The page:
Theoretically, we could continue one level deeper than the physical building, looking into specific areas per building to use as the boundary for the cloud factory module. There are certain trade-offs in going a level deeper. The most important drawback is that the AWS account design becomes more complex to manage. More fine-grained design could potentially result in hundreds of AWS accounts per factory. Therefore, one account per building was considered the optimal balance between risk mitigation and operational overhead.
In addition, each factory will have its own data account, where raw data is transformed and prepared for reporting, analytics, research, and ML applications. Lastly, the factory software components that are not specific to a single building are deployed into a core account.
There is also critical infrastructure that is not tied to a single factory. Such infrastructure will be managed globally. The networking layer that will host the TGWs, firewalls, Direct Connect, and other infrastructure lives in its own network account. The global and shared accounts include infrastructure for observability, shared Amazon Elastic Container Registry (Amazon ECR)—a fully managed container registry—and global front-end apps that are needed to run our factories.
Data, data, data
We can look at the above design through different lenses. For this blog post, we wanted to focus on how we ingest data from the factory into the cloud. Northvolt Ett uses Amazon Kinesis Data Streams (Kinesis Data Streams)—a serverless streaming data service that makes it easy to capture, process, and store data streams at virtually any scale—and we will have an approach based on sharded Kinesis Data Streams. We are anticipating hundreds of thousands of records per second, which will serve both a short-term hot data path for near-real-time applications and long-term storage in an Amazon Simple Storage Service (Amazon S3)—an object storage service—data lake for subsequent larger data jobs with data built tool (dbt) and Apache Airflow. But how is this data pushed into the cloud?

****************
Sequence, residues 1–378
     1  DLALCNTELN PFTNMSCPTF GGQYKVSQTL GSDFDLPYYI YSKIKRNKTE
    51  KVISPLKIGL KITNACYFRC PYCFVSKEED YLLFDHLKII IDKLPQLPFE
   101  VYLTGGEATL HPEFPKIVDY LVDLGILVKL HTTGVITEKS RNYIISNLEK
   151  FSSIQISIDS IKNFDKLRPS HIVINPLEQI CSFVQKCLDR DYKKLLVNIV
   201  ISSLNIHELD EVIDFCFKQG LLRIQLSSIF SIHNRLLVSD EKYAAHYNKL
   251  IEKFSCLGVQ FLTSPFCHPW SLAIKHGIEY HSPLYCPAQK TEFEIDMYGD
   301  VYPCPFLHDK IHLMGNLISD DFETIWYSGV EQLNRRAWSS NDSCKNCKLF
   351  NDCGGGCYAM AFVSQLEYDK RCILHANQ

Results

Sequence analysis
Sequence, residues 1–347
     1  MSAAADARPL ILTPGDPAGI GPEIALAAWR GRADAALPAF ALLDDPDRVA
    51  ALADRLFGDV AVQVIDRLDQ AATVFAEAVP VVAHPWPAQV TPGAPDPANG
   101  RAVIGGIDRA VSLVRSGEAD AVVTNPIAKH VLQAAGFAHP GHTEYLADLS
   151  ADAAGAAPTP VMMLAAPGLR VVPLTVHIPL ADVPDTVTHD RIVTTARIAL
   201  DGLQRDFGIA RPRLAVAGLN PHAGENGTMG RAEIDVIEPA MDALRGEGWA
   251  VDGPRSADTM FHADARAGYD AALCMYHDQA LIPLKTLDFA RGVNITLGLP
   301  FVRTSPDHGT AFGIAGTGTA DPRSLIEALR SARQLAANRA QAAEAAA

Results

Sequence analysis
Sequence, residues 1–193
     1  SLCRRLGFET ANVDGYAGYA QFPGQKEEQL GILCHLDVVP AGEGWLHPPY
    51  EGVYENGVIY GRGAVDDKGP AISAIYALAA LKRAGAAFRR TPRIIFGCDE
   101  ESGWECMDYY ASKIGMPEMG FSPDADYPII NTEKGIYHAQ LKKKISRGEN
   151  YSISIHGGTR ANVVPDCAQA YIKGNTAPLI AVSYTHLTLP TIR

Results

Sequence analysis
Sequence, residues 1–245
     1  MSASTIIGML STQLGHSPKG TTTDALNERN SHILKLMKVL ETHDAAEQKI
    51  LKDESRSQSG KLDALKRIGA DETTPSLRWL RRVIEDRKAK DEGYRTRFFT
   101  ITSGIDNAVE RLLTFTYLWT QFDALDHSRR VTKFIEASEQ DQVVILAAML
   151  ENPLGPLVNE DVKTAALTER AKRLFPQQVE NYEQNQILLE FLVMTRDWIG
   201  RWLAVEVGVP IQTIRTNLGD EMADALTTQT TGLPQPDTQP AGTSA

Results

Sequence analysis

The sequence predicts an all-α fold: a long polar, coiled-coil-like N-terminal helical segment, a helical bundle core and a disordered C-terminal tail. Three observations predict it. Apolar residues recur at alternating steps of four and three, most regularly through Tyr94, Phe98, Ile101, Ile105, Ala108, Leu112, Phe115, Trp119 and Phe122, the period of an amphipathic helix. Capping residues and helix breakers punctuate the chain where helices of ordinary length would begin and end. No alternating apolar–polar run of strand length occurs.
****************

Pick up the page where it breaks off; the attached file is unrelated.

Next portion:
Across any given factory, we will have thousands of gateways, small Linux devices (think Raspberry Pi’s), as part of multiple massive Kubernetes clusters managed in AWS, using Rancher. Each machine on the factory floor is mapped to a high-availability pair of gateways. All these machines push their data into Kinesis Data Streams that are mapped per area within the buildings of Northvolt Ett. From there, we rely on AWS Lambda (Lambda), a serverless, event-driven compute service, and Amazon Kinesis Data Firehose (Kinesis Data Firehose)—an extract, transform, load service—to manage the dataflows into the hot data paths and cold data paths.
The above design lets us be extremely scalable and simultaneously flexible in how we can manage different Northvolt factory architectures using AWS.
This design also helps us to push different releases of our software into different parts of the factory, such as blue/green deployments, just like you would do with a regular web application, with virtually no downtime.
AWS helps Northvolt to be scalable and flexible to design, build, and operate our factories. This is a really exciting journey toward our mission to build the world’s greenest battery.